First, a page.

I have always thought that there was something curiously contemporary about the Water Garden at Studley Royal. It seems to have more in common with modern British landscapes than with Le Notre’s work at Versailles or Chantilly built just a few years earlier, or English Landscape Gardens of the mid-18th century.
Seeing earth moved purposefully around to create geometric shapes has always interested me, in the same way that I find labyrinths, or Stonehenge strangely satisfying and reassuring. In the last 20 years or so there has been a renewed interest in the sculptural possibilities of grass, earthworks and water in such British gardens as Charles Jenck’s Garden of Cosmic Speculation and the many projects of Kim Wilkie, such as The Orphean Hades created at Boughton House in Northamptonshire.
So why does Studley Royal seem modern? I think it is because historically there is virtually nothing to compare it with. It was a transitional style of garden that looked back to the formality of French gardens but forward to the freer more naturalistic designs of William Kent and Capability Brown; and as such in nearly every instance was swept away as garden fashion moved on. The now largely forgotten Charles Bridgeman was the leading exponent of this style, his amphitheatre at Claremont being a lasting testament.
Water gardens in the French style with their spectacular fountains grounded their chateaux in the predominantly flat landscape, and were over-viewed from the main first floor rooms. At Studley, the ‘Pleasure Garden’ was built as a separate entity away from the house, and the formal geometric ponds were designed to be seen as calm tranquil mirrors rather than turbulent fountain ponds. These were glimpsed as composed picturesque views from the High Ride on the steeply wooded slopes overlooking the valley.
I believe the clue to why Studley Royal didn’t follow fashion and turn its geometric ponds into serpentine lakes lies in the character of the garden’s creator, John Aislabie. As Chancellor of the Exchequer he had been the driving force behind the South Sea Company, a hugely speculative venture that ended with his disgrace, internment in the Tower of London for a year, and retirement from public life.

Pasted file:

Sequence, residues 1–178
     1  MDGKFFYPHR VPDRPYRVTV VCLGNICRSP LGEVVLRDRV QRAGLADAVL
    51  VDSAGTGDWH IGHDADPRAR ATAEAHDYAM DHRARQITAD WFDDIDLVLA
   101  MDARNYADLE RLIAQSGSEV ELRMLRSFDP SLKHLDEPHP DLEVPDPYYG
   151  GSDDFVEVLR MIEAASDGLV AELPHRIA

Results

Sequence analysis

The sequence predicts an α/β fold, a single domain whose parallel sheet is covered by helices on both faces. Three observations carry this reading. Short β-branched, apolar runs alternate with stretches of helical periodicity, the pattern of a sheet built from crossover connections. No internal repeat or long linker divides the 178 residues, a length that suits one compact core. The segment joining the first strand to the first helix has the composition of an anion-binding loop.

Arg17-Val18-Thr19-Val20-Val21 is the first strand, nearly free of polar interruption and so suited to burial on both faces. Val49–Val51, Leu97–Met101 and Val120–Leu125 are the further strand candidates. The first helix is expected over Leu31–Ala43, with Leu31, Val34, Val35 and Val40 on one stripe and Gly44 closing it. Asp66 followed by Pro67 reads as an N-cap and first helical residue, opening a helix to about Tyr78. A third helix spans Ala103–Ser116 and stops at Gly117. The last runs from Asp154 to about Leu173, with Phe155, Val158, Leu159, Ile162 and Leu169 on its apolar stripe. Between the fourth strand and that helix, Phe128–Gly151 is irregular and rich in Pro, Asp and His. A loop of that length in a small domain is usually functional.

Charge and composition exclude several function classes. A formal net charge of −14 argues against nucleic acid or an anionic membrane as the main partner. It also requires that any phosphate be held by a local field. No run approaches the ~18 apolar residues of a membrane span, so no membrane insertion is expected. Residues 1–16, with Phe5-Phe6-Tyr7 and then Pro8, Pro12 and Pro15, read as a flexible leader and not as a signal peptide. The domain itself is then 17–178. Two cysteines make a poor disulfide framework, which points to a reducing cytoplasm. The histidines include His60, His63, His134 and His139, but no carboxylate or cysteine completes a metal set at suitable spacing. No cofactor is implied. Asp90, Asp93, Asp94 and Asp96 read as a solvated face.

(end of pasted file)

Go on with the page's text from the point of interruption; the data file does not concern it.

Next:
He seems to me to have had a personal passion for his water garden, and although he liked visitors to see it I sense there was no desire to be abreast of the latest fashion. For instance, he did not feel the need to rebuild his old manor house Studley Royal Hall in the newly popular Palladian style, but he was no country bumpkin. When he built his Banqueting House, and new stable block, he hired one of the most famous Palladian architects, Colen Campbell to carry out the work.
I think Aislabie knew he had created something of timeless and breath-taking beauty in a spectacular setting, and all he needed to do over the subsequent 22 years was to embellish and fine tune his garden with new features, such as the Fishing Tabernacles, and the Gothic Octagon Tower.
Upon John Aislabie’s death in 1742, Studley Royal passed to his son William. The Aislabies had always coveted the neighbouring estate of Fountains Abbey, but it was not until 1767 that William was eventually able to purchase it, and incorporate it into the Studley Royal Water Garden.
Garden style had moved on and there was a growing interest in romantic landscape. The Gothic gloom of Fountains Abbey, probably the most spectacular ruined abbey in the country, gave the garden a new visual point of reference. William set to work linking the two estates by creating meadows and changing the stony watercourse of the River Skel with weirs, into a broad sleepy river. I’m not sure if William felt the same way about the Water Garden as his father, but I suspect that this may have been the reason why it was not updated. William certainly had no such hesitation about remodelling his father’s medieval manor as a neo-Classical mansion.
Studley Royal and Fountains Abbey is one of England’s greatest and most unique landscapes, that thrills me on each visit, and although a historical garden, it has lessons for the future. I think it is a type of landscape whose time has come around again, and expect to see more gardens in the near future that harken back to its unusual style.
Where: Fountains Abbey and Studley Royal, Ripon, North Yorkshire HG4 3DY
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